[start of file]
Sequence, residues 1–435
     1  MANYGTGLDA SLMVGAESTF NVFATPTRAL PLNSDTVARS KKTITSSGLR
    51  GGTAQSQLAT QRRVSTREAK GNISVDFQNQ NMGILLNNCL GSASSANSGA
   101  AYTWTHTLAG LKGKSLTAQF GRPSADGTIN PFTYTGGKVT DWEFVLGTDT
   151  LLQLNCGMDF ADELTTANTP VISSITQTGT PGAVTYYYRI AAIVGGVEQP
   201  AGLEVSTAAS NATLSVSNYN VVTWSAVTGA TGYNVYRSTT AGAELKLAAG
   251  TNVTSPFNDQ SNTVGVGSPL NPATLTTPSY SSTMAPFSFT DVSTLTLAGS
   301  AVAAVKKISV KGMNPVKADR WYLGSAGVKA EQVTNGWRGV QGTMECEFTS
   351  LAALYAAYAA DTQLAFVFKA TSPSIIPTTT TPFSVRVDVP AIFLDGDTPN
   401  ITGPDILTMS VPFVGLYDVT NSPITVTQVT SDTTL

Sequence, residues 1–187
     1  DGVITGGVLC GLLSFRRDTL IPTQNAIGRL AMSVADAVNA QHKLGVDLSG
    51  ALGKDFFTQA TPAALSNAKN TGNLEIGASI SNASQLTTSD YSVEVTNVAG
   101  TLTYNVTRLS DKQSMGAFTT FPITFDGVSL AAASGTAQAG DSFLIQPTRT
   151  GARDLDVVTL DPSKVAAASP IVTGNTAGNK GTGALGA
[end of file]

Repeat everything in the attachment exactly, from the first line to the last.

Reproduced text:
Sequence, residues 1–435
     1  MANYGTGLDA SLMVGAESTF NVFATPTRAL PLNSDTVARS KKTITSSGLR
    51  GGTAQSQLAT QRRVSTREAK GNISVDFQNQ NMGILLNNCL GSASSANSGA
   101  AYTWTHTLAG LKGKSLTAQF GRPSADGTIN PFTYTGGKVT DWEFVLGTDT
   151  LLQLNCGMDF ADELTTANTP VISSITQTGT PGAVTYYYRI AAIVGGVEQP
   201  AGLEVSTAAS NATLSVSNYN VVTWSAVTGA TGYNVYRSTT AGAELKLAAG
   251  TNVTSPFNDQ SNTVGVGSPL NPATLTTPSY SSTMAPFSFT DVSTLTLAGS
   301  AVAAVKKISV KGMNPVKADR WYLGSAGVKA EQVTNGWRGV QGTMECEFTS
   351  LAALYAAYAA DTQLAFVFKA TSPSIIPTTT TPFSVRVDVP AIFLDGDTPN
   401  ITGPDILTMS VPFVGLYDVT NSPITVTQVT SDTTL

Sequence, residues 1–187
     1  DGVITGGVLC GLLSFRRDTL IPTQNAIGRL AMSVADAVNA QHKLGVDLSG
    51  ALGKDFFTQA TPAALSNAKN TGNLEIGASI SNASQLTTSD YSVEVTNVAG
   101  TLTYNVTRLS DKQSMGAFTT FPITFDGVSL AAASGTAQAG DSFLIQPTRT
   151  GARDLDVVTL DPSKVAAASP IVTGNTAGNK GTGALGA